Water isn't cheap, it's simply precious

Water isn't cheap, it's simply precious

Recently, my online friends were circulating the inspiring story of Aabid Surti, an author by profession, who is silently contributing his share for the protection of this beautiful planet. He goes along with a plumber to houses and sets right leaking taps, because millions of litres of water goes waste just due to leaky taps!  Every drop of water matters.

Like this there are many amongst us, who have realised the value of nature’s greatest gifts and positively work towards preserving them for us like — Salumarada Thimmakka, who went on to plant nearly 400-500 Banyan trees along a highway and nurtured them by watering the saplings fetching water from miles away; Sunderlal Bahuguna, a prominent leader of Chipko movement and thousands of faceless Chipko activists who fought tooth and nail and risked their lives to save the wonderful trees of the Himalayan region;  Rajendra Singh known as the ‘Waterman of India’, who has been instrumental in the execution of thousands of watershed programmes in the desert state of Rajasthan and reviving 5 dead rivers.

The list goes on. But all this is really like drops in the ocean, because destruction of nature’s gifts is happening on a mass scale all over the world. Declaring March 22 as the World Water Day is fine. But how many of us really understand the seriousness of the issue? Being a Bangalorean, I can give examples of how we have become so insensitive to the issue. If this is the scene in just one city, imagine the damage being done worldwide.

Wasting water

Just take a stroll around Bangalore early in the morning and you will find hundreds of people washing their plush cars with fresh running water. You will definitely find at least a few hundreds of BWSSB water pipes leaking and litres of water gushing out for days together. People who live in huge bungalows built on vast sites concrete the entire site with no exposed soil and millions of litres of rain water goes into the drain. Even after so much of talk about rainwater harvesting, a very small percentage of people have implemented the system in their buildings/homes. 

Bangalore, which was once called the Garden City (I say once because it no longer deserves the name) is being converted into a concrete jungle. Hundreds of lakes have been intentionally killed by dumping debris and huge concrete complexes built on the land.  Right now, mounds of debris are being dumped around Nagavara Lake, burying smaller lakes. Thousands of borewells are being dug all around the city, unchecked. Ground water level is going deeper by the day and thousands of wells are drying up. The BBMP is keen only on minting money by selling away every inch of land to greedy builders. Felling trees has become so easy with modern equipment. So, destruction is happening faster.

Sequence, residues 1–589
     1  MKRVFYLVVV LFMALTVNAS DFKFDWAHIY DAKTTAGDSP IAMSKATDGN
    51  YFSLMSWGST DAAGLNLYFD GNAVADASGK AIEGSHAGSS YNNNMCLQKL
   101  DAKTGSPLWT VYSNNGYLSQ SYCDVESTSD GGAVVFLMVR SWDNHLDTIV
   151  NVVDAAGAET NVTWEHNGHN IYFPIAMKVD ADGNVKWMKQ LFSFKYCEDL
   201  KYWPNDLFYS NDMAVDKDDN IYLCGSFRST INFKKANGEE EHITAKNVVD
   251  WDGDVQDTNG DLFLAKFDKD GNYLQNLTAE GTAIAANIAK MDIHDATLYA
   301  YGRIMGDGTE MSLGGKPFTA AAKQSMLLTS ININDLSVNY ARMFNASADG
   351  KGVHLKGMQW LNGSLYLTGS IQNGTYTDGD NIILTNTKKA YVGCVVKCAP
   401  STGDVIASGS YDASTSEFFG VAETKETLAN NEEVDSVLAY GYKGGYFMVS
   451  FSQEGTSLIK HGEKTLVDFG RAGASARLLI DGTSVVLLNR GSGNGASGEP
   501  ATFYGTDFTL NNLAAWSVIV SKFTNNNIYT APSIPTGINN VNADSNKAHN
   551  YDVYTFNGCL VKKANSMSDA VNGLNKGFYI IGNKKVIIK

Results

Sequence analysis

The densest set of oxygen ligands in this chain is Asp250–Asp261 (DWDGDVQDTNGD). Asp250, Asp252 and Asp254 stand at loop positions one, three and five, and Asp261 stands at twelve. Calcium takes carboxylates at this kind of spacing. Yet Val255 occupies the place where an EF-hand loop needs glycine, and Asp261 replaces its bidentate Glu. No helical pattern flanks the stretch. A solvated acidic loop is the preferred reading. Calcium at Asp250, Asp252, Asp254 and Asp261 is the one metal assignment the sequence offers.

Every inch of land is gold!  People are too enamoured by the glamour and grandeur of malls, golf courses, star hotels and posh apartments. Never mind whatever the temperature is outside, after all they travel in AC vehicles and spend their time in AC offices/malls/theatres/homes!  Never mind if the lovely tree-lined avenues are turned into barren 8-lane expressways – after all they don’t wait for crowded buses in the scorching sun;  never mind if thousands of people stand in endless queues for hours to fill just one pot of drinking water in the hot sun and fight for getting even that – after all they have money to buy mineral water and water supplied by tankers!

Never mind if thousands of huge trees which conserved millions of litres of water, recharged the ground water resource, absorbed the dust and noise of the endless heavy traffic on the roads, caused good rainfall, gave shelter to thousands of species of birds, insects, animals and reptiles, soothed our eyes with their colourful blooms, fed us with tasty fruits, cooled our weather in summers (the summer temperature of Bangalore has been continuously rising over the last twenty years and winters are getting shorter) and gave us the fame of ‘Garden City’ – after all they are happy with their aristocratic golf fields and manicured ornamental gardens, which do none of these but use up thousands of litres of water!

Unless there is political will, nothing can happen on a mass scale.  It was because of the political will of Lee Kuan Yew that Singapore is what it is today. Unless the governing politicians realise the value of nature’s gifts and make policies to protect and nurture them, it is very difficult for NGOs and activists to make any big difference. Unless each one of us realises the importance of the issue and contributes one’s bit, change cannot happen.  If I feel foliage is ‘dirt’ and hence I will cement all the soil and use fresh water without limit irresponsibly, the day is not far off when this entire planet is turned into a hot desert.

Oh, World Water Day!